Experience of Dallin Oak's Great Grandfather

grass hut

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I had been up against an imaginary cliff...

In 1895 my great-grandfather, Abinadi Olsen, was called on a mission to the Samoan Islands. Obedient to the call of the prophet, he left his wife and four small children, including my maternal grandmother, Chasty Magdalene, in the town of Castle Dale, Utah. He traveled by train and ship to the mission headquarters in Apia, a journey of 26 days. His first assignment was to labor on the island of Tutuila.

After many weeks of living in what he called a grass hut, eating strange food, suffering severe illnesses, and struggling to learn the Samoan language, he seemed to be making no progress in his missionary work. Homesick and discouraged, he seriously considered boarding a boat back to Apia and telling the mission president he didn't want to waste any more time in Samoa. The obstacles to the accomplishment of his mission seemed insurmountable, and he wished to return to his wife and children, who were struggling to support him in the mission field.

A friend who heard Abinadi Olsen describe the experience some years after his return, quoted him as follows:

"Then one night, as I lay on my mat on the floor of my hut, a strange man entered and in my own language told me to get up and follow him. His manner was such that I had to obey. He led me out through the village and directly up against the face of a perpendicular solid rock cliff. 'That's strange,' thought I. 'I've never seen that here before,' and just then the stranger said, 'I want you to climb that cliff.'

"I took another look and then in bewilderment said, 'I can't. It's impossible!'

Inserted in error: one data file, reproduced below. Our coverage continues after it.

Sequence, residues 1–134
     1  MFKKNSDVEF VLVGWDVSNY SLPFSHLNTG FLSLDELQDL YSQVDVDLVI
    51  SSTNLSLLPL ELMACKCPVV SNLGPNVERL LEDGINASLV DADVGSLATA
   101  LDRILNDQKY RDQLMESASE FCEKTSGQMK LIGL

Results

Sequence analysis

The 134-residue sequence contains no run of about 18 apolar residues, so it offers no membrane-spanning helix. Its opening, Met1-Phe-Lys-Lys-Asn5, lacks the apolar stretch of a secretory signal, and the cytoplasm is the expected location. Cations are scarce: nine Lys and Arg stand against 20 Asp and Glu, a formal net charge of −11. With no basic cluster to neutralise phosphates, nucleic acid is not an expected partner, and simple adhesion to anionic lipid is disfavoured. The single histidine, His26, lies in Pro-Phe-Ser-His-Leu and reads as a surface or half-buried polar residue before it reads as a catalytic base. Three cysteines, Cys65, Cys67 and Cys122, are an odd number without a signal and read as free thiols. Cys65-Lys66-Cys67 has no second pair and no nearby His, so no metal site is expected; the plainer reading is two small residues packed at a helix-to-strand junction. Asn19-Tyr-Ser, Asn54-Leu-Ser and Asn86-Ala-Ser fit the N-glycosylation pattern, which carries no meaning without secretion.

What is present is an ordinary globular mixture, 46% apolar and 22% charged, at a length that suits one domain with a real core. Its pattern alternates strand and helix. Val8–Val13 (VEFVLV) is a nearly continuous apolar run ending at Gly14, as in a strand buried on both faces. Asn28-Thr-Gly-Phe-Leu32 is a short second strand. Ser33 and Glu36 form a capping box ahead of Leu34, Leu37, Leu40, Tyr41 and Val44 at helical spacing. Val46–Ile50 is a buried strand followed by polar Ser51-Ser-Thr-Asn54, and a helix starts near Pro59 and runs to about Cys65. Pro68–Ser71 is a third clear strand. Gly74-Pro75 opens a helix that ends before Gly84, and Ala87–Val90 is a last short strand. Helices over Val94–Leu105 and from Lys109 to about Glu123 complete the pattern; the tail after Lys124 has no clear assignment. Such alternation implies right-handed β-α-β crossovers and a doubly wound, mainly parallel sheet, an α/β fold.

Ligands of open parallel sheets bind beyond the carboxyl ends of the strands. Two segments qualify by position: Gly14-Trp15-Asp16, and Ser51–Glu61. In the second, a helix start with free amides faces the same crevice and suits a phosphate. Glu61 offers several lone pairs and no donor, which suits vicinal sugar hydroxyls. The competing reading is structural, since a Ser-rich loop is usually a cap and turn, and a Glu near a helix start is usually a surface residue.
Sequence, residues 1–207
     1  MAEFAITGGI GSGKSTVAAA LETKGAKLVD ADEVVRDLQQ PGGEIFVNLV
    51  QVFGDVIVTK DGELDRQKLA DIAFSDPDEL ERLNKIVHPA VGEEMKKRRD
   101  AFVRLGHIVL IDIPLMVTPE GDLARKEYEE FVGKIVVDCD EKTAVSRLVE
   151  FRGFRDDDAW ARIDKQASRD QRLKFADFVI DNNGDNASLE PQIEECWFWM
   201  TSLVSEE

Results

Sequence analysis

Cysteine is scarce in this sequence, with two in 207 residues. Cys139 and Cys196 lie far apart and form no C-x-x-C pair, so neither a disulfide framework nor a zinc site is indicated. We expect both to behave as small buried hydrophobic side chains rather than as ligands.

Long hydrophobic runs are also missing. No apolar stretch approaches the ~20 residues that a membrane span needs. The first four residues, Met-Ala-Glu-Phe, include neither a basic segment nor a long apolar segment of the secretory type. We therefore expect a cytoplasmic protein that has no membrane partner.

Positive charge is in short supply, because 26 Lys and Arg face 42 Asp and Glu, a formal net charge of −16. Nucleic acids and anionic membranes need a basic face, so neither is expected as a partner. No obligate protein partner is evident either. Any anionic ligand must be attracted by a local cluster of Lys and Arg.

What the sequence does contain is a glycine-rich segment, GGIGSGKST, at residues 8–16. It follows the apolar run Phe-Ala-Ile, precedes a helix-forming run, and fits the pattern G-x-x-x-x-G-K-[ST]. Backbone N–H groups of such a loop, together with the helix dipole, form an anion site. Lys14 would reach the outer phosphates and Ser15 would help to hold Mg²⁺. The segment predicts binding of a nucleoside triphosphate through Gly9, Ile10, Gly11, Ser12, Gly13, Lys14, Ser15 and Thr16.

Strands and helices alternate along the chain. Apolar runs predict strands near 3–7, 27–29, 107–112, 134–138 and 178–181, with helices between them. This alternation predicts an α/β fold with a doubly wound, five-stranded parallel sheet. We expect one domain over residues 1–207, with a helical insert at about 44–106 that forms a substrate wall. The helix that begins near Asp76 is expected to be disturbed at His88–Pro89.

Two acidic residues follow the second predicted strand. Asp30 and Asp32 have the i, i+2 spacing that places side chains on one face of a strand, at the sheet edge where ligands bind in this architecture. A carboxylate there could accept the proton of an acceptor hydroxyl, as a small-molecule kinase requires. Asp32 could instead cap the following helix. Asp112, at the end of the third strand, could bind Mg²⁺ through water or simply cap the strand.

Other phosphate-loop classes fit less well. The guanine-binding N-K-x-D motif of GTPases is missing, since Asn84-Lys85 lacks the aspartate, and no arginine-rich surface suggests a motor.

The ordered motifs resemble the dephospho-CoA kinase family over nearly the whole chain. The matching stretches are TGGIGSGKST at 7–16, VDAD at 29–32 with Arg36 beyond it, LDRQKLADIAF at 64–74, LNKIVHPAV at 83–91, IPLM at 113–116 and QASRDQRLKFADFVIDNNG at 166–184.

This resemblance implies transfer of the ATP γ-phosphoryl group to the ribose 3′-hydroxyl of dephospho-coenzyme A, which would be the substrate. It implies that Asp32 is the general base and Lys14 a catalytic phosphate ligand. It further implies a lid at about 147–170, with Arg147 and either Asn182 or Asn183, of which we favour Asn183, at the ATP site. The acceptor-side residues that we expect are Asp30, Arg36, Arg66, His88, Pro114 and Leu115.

"'How do you know you can't? You haven't tried,' said my guide.

"'But anyone can see'—I started to say in objection. But he cut in with, 'Begin climbing. Reach up with your hand—now with your foot.'

"As I reached, under orders that I dared not disobey, a niche seemed to open in the solid rock cliff and I caught hold. Then with my one foot I caught a toe hold.

"'Now go ahead,' he ordered. 'Reach with your other hand,' and as I did so another place opened up, and to my surprise the cliff began to recede; climbing became easier, and I continued the ascent without difficulty until, suddenly, I found myself lying on my pallet back in my hut. The stranger was gone!

"'Why has this experience come to me?' I asked myself. The answer came quickly. I had been up against an imaginary cliff for those three months. I had not reached out my hand to begin the climb. I hadn't really made the effort I should have made to learn the language and surmount my other problems" (Fenton L. Williams, "On Doing the Impossible," Improvement Era, Aug. 1957, p. 554).

It is hardly necessary to add that Abinadi Olsen did not leave the mission. He labored for three and a half years, until released by appropriate authority. He was an exceptionally effective missionary, and he was a faithful member of the Church for the rest of his life.

Experience of Dallin Oaks great-grandfather (New Era, August 1985)